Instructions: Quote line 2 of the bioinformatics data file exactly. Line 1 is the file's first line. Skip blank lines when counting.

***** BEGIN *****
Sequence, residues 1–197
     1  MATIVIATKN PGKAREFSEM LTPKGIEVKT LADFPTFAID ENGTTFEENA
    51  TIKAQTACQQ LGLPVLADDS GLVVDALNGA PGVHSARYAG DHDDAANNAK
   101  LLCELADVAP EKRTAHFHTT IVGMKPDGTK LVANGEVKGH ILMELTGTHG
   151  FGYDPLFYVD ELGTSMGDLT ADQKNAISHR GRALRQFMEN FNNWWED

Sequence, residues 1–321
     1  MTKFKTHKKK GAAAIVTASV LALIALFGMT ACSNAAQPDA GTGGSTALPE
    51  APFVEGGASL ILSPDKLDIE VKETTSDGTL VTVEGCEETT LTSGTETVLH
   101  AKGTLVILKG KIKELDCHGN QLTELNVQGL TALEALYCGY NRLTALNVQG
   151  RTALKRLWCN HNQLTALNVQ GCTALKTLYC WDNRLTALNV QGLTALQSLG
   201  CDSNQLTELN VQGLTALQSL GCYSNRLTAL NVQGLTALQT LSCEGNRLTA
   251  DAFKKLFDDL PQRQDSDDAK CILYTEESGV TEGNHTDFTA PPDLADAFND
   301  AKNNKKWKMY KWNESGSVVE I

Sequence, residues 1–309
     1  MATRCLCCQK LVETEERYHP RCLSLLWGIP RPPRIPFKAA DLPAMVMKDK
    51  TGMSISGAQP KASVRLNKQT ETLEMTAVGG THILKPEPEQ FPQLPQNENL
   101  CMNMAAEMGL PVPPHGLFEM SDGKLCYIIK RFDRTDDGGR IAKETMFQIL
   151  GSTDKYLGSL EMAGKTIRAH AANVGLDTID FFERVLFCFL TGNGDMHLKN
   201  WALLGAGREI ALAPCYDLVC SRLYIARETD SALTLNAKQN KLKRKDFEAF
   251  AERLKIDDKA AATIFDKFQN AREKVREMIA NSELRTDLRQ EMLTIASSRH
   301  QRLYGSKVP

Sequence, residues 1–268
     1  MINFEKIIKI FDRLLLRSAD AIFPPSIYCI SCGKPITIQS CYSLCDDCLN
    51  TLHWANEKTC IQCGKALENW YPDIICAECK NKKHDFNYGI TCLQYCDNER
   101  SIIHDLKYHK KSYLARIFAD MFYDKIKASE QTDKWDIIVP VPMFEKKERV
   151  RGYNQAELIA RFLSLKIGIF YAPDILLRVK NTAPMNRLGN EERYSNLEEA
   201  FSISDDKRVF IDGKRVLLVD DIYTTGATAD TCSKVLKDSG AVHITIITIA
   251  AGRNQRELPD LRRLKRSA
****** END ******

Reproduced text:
     1  MATIVIATKN PGKAREFSEM LTPKGIEVKT LADFPTFAID ENGTTFEENA